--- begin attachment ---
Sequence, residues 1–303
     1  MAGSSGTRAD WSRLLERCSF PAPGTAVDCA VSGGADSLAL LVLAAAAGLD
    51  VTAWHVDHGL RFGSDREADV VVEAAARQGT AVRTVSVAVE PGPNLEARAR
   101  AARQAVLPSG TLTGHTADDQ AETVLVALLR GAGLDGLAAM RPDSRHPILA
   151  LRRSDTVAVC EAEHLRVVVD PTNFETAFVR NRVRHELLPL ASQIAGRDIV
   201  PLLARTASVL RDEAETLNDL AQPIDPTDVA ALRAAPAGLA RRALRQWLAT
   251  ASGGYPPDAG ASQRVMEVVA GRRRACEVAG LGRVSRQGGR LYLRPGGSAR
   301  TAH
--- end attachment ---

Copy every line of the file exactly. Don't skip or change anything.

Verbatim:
Sequence, residues 1–303
     1  MAGSSGTRAD WSRLLERCSF PAPGTAVDCA VSGGADSLAL LVLAAAAGLD
    51  VTAWHVDHGL RFGSDREADV VVEAAARQGT AVRTVSVAVE PGPNLEARAR
   101  AARQAVLPSG TLTGHTADDQ AETVLVALLR GAGLDGLAAM RPDSRHPILA
   151  LRRSDTVAVC EAEHLRVVVD PTNFETAFVR NRVRHELLPL ASQIAGRDIV
   201  PLLARTASVL RDEAETLNDL AQPIDPTDVA ALRAAPAGLA RRALRQWLAT
   251  ASGGYPPDAG ASQRVMEVVA GRRRACEVAG LGRVSRQGGR LYLRPGGSAR
   301  TAH